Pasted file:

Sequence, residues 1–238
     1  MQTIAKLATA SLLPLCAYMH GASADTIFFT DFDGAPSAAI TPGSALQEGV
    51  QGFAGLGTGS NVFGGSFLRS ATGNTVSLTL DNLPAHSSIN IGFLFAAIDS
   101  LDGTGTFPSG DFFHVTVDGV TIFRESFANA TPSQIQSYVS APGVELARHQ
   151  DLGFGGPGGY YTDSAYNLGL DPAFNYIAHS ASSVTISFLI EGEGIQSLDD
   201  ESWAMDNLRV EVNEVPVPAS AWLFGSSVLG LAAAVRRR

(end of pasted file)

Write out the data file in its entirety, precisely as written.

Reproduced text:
Sequence, residues 1–238
     1  MQTIAKLATA SLLPLCAYMH GASADTIFFT DFDGAPSAAI TPGSALQEGV
    51  QGFAGLGTGS NVFGGSFLRS ATGNTVSLTL DNLPAHSSIN IGFLFAAIDS
   101  LDGTGTFPSG DFFHVTVDGV TIFRESFANA TPSQIQSYVS APGVELARHQ
   151  DLGFGGPGGY YTDSAYNLGL DPAFNYIAHS ASSVTISFLI EGEGIQSLDD
   201  ESWAMDNLRV EVNEVPVPAS AWLFGSSVLG LAAAVRRR